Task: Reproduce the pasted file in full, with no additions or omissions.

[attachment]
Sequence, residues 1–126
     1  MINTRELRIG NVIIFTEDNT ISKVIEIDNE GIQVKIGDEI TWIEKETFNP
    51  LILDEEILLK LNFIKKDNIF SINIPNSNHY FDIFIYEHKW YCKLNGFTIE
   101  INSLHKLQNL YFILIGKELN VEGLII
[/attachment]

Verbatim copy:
Sequence, residues 1–126
     1  MINTRELRIG NVIIFTEDNT ISKVIEIDNE GIQVKIGDEI TWIEKETFNP
    51  LILDEEILLK LNFIKKDNIF SINIPNSNHY FDIFIYEHKW YCKLNGFTIE
   101  INSLHKLQNL YFILIGKELN VEGLII